McCain won't rule out Pro-Choice Running Mate

Stephen Hayes of the Weekly Standard has the story:
IN A WIDE-RANGING INTERVIEW aboard his campaign plane this morning, John McCain said that he is open to choosing a pro-choice running mate and named former Pennsylvania governor Tom Ridge as someone who merits serious consideration despite his support for abortion rights. McCain also criticized Barack Obama's presidential campaign for attempts to "politicize" the debate over Georgia and criticized President Bush for failing to recognize the true nature of Vladimir Putin.

"I think that the pro-life position is one of the important aspects or fundamentals of the Republican Party," McCain said. "And I also feel that--and I'm not trying to equivocate here--that Americans want us to work together. You know, Tom Ridge is one of the great leaders and he happens to be pro-choice. And I don't think that that would necessarily rule Tom Ridge out."

Ridge is getting a long look because there are some in the McCain camp who believe choosing him as a running mate gives their candidate a realistic shot at Pennsylvania - a turn of events that would be a body blow to Obama's chances in November.

But McCain is kidding himself if he thinks this won't cause a tremendous row at the convention and alienate millions of GOP voters who stick with the party largely because of its staunch pro-life stand. It threatens to reverse a trend in recent weeks of evangelicals beginning to warm to his candidacy.

This is probably just a trial balloon that McCain was using a friendly reporter to send up. My guess is that the reaction will convince McCain that it would be better not to go against thirty years of party orthodoxy by choosing a pro choice running mate.
Stephen Hayes of the Weekly Standard has the story:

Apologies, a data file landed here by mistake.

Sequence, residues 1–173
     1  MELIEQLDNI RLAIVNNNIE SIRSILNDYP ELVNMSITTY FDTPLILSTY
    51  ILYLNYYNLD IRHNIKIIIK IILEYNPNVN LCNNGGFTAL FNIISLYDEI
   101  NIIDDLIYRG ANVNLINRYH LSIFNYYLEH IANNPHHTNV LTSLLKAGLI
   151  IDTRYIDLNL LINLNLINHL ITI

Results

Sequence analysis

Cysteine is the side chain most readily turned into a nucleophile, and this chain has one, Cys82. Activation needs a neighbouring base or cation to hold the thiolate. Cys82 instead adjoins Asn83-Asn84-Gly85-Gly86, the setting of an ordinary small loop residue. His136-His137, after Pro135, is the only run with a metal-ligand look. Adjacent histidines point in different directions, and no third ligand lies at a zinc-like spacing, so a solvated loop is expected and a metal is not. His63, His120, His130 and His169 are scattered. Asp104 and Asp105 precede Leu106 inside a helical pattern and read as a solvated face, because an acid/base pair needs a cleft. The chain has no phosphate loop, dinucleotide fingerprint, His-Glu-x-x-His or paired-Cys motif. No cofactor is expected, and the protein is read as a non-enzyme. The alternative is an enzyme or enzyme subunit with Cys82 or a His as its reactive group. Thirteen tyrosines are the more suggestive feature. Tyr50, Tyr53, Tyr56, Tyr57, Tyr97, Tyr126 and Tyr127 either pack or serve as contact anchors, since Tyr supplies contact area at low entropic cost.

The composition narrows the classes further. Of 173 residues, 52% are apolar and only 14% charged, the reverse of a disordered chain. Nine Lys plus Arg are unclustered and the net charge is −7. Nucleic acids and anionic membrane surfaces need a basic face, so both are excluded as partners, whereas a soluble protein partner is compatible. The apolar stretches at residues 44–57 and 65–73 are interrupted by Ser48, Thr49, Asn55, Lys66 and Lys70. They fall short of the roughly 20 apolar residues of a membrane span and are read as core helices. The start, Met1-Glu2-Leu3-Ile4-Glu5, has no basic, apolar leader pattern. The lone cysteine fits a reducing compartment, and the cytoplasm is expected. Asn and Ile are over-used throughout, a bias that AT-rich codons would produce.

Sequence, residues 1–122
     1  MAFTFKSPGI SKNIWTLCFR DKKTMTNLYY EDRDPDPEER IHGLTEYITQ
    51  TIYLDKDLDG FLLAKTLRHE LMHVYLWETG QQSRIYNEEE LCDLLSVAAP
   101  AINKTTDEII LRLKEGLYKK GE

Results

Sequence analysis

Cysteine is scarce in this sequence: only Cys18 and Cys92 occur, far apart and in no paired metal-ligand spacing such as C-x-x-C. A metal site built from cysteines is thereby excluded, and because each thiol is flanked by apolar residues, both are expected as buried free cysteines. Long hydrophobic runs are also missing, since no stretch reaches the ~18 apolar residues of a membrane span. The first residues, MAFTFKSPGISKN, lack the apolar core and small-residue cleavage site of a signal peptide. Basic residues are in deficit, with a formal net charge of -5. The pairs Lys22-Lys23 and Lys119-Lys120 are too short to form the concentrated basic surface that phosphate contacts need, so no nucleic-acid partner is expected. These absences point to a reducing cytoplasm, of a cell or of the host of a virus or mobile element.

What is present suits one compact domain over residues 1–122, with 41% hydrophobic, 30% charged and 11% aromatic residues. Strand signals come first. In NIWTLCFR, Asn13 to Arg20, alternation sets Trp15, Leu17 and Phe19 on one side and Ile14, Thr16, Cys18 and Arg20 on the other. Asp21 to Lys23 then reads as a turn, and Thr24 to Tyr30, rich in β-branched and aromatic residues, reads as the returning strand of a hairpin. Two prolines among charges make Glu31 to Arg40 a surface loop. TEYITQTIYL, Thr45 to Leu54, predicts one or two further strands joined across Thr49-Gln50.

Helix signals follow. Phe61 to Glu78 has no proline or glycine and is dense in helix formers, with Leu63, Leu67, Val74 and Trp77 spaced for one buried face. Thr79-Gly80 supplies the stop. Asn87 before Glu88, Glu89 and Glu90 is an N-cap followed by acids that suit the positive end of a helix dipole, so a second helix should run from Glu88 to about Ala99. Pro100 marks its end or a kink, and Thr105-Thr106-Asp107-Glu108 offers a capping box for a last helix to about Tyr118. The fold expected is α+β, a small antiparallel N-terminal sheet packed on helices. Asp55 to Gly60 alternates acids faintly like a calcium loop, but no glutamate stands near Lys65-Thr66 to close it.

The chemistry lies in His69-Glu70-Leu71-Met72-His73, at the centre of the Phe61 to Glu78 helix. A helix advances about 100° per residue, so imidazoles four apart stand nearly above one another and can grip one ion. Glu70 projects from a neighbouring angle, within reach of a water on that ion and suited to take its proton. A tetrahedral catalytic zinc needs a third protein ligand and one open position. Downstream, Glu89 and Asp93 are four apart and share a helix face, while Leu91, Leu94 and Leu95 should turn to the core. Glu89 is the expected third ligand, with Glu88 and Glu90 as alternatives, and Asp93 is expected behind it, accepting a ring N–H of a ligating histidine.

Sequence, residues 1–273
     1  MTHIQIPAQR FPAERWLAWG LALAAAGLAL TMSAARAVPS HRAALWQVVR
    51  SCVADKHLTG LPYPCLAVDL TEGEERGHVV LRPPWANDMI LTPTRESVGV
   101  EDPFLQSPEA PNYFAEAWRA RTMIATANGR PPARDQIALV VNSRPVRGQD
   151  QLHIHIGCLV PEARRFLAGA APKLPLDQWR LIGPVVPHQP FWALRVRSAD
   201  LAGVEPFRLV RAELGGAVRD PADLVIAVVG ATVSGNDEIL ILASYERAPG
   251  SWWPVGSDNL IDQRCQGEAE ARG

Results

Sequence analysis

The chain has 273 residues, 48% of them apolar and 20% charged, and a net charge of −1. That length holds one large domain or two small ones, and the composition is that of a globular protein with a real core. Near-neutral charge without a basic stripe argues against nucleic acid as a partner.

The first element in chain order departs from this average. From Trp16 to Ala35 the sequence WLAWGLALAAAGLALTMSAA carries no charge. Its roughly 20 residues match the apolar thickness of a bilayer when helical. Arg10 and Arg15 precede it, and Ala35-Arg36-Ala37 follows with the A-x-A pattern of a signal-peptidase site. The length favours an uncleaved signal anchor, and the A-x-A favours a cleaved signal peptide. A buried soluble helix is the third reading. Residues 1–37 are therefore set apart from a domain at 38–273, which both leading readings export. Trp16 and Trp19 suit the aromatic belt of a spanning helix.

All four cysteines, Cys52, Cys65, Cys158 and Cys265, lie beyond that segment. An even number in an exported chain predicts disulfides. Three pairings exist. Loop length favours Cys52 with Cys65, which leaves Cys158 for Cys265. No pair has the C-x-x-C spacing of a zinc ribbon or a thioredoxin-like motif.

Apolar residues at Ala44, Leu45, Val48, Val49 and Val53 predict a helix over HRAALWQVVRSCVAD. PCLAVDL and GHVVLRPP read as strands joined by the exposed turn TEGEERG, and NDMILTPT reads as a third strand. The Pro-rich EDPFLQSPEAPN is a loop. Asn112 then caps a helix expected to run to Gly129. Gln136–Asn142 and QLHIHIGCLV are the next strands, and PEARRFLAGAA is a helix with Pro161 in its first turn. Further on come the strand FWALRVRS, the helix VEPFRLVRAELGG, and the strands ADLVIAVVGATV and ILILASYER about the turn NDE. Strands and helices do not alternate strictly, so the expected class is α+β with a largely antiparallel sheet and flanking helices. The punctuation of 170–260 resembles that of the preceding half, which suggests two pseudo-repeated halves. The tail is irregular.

IN A WIDE-RANGING INTERVIEW aboard his campaign plane this morning, John McCain said that he is open to choosing a pro-choice running mate and named former Pennsylvania governor Tom Ridge as someone who merits serious consideration despite his support for abortion rights. McCain also criticized Barack Obama's presidential campaign for attempts to "politicize" the debate over Georgia and criticized President Bush for failing to recognize the true nature of Vladimir Putin.

"I think that the pro-life position is one of the important aspects or fundamentals of the Republican Party," McCain said. "And I also feel that--and I'm not trying to equivocate here--that Americans want us to work together. You know, Tom Ridge is one of the great leaders and he happens to be pro-choice. And I don't think that that would necessarily rule Tom Ridge out."

Ridge is getting a long look because there are some in the McCain camp who believe choosing him as a running mate gives their candidate a realistic shot at Pennsylvania - a turn of events that would be a body blow to Obama's chances in November.

But McCain is kidding himself if he thinks this won't cause a tremendous row at the convention and alienate millions of GOP voters who stick with the party largely because of its staunch pro-life stand. It threatens to reverse a trend in recent weeks of evangelicals beginning to warm to his candidacy.

This is probably just a trial balloon that McCain was using a friendly reporter to send up. My guess is that the reaction will convince McCain that it would be better not to go against thirty years of party orthodoxy by choosing a pro choice running mate.